Encyclopedia of Law and Economics

2019 Edition
| Editors: Alain Marciano, Giovanni Battista Ramello

Auditing

  • Ari HyytinenEmail author
  • Juha-Pekka Kallunki
Reference work entry
DOI: https://doi.org/10.1007/978-1-4614-7753-2_93

Definition

In its commonly cited definition, the American Accounting Association defines (financial) auditing as “A systematic process of objectively obtaining and evaluating evidence regarding assertions about economic actions and events to ascertain the degree of correspondence between those assertions and established criteria and communicating the results to interested users.”

More broadly, auditing is a mechanism for quality assurance: An auditor is a third-party agent that acts as a certification intermediary and that examines, corrects, and verifies the financial accounts of a business in order to make them more credible to various stakeholders, such as investors.

Audit Regulation and Profession

Auditing is regulated by laws, by global and local guidelines published by professional bodies, and also by professional ethics and practice. Audit legislation varies across countries, but typically, auditing of firms listed in stock markets (public firms) is strictly regulated, whereas...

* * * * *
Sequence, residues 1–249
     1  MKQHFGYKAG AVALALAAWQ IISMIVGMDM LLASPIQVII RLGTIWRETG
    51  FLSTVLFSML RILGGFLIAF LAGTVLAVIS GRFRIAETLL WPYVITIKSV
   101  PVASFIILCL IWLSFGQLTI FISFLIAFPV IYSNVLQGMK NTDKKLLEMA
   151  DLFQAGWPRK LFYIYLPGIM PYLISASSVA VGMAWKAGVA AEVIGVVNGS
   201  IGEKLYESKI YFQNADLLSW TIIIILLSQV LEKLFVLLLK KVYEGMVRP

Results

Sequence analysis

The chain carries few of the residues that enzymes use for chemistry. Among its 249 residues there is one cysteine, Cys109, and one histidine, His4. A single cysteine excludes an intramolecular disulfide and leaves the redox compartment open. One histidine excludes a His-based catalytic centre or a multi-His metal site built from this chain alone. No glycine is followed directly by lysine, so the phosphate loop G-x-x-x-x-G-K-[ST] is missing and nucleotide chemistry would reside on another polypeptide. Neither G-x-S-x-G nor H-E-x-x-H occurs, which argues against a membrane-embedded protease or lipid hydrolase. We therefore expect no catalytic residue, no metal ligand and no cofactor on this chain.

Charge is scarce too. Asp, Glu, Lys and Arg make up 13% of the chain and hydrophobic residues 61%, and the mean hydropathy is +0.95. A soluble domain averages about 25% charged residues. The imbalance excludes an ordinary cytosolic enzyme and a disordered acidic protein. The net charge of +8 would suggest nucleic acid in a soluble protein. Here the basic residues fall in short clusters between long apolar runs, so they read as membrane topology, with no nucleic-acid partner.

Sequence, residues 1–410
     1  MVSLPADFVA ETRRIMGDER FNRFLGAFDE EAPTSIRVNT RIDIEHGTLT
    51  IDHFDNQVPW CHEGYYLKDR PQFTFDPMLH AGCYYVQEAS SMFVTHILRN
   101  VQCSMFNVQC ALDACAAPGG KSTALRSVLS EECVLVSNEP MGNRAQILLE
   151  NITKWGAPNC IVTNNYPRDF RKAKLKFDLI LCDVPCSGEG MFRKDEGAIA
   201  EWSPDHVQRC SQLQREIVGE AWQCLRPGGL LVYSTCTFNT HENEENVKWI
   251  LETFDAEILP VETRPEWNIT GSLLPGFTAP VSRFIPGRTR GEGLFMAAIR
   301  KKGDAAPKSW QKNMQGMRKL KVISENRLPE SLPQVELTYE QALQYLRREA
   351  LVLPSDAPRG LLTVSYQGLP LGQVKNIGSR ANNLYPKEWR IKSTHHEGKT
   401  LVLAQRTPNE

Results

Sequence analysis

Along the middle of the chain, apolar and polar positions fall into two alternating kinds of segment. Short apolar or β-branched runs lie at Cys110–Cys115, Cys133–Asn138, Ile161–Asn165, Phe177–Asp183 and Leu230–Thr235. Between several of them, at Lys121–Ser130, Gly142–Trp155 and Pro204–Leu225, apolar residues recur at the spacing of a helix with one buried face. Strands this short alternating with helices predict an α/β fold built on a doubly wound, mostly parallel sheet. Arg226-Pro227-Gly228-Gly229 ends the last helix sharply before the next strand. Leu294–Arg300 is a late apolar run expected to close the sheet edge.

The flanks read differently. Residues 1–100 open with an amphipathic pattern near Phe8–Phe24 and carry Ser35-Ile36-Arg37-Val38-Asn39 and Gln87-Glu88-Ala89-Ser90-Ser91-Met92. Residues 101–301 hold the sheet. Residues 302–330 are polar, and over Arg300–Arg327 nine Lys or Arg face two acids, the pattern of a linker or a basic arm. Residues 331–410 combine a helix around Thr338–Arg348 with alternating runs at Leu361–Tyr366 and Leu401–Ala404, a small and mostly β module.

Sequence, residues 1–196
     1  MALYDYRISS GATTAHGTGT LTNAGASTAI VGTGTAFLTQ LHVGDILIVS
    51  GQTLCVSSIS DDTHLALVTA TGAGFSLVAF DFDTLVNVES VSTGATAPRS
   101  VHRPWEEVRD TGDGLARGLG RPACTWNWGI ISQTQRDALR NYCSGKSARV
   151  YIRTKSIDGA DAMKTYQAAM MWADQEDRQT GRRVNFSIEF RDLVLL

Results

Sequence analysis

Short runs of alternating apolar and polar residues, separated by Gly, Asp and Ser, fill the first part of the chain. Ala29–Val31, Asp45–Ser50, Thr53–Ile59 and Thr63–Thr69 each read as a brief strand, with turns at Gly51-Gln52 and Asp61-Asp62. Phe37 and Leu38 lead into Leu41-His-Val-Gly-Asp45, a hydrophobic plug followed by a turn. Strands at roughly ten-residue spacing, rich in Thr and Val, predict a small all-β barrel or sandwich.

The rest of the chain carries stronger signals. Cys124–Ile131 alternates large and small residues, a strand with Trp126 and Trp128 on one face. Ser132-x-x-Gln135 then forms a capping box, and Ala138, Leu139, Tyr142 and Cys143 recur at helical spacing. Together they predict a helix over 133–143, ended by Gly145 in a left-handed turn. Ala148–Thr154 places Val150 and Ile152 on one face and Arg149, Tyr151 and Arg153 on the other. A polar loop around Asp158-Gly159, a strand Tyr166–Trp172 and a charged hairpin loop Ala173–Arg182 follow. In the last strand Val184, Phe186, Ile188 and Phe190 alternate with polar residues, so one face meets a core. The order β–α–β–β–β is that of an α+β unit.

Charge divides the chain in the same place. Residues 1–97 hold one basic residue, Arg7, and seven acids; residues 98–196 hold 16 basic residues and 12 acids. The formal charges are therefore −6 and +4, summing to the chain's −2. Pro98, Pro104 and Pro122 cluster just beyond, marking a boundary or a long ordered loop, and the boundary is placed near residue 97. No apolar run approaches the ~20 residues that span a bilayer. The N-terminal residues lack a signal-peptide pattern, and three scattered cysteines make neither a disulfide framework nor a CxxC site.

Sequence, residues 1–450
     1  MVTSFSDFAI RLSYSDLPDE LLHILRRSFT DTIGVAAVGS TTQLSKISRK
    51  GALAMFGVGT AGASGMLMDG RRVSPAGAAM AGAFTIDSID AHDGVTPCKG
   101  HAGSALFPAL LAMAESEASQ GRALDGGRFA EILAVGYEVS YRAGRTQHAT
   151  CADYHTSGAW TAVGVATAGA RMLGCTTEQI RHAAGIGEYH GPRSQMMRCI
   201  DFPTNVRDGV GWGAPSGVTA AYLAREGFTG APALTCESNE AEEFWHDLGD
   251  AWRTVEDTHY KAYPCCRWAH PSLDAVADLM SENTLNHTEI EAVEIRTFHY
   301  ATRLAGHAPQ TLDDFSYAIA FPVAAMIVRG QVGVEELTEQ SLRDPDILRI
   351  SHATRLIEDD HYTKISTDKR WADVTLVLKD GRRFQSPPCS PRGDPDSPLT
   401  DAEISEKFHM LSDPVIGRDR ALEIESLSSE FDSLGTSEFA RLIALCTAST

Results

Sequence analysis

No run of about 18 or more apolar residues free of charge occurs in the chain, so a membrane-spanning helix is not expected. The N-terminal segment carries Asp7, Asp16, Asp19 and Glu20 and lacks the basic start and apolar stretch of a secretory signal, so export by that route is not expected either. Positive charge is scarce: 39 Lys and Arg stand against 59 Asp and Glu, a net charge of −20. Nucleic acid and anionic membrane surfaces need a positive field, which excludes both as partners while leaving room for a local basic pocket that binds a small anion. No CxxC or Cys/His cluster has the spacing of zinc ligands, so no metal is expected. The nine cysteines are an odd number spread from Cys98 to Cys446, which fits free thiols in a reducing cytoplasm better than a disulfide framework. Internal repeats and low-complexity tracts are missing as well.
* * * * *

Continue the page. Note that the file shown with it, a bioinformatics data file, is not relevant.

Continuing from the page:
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References

  1. Amir E, Kallunki JP, Nilsson H (2014) The association between individual audit Partners’ risk preferences and the composition of their client portfolios. Rev Account Stud 19:1CrossRefGoogle Scholar
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  5. Hope O-K, Langli JC (2010) Auditor independence in a private firm and low litigation risk setting. Account Rev 85(2):573–605CrossRefGoogle Scholar
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  7. Simunic DA (1980) The pricing of audit services: theory and evidence. J Account Res 18:161–190CrossRefGoogle Scholar

Copyright information

© Springer Science+Business Media, LLC, part of Springer Nature 2019

Authors and Affiliations

  1. 1.Jyväskylä School of Business and EconomicsUniversity of JyväskyläJyväskyläFinland
  2. 2.Oulu Business SchoolUniversity of OuluOuluFinland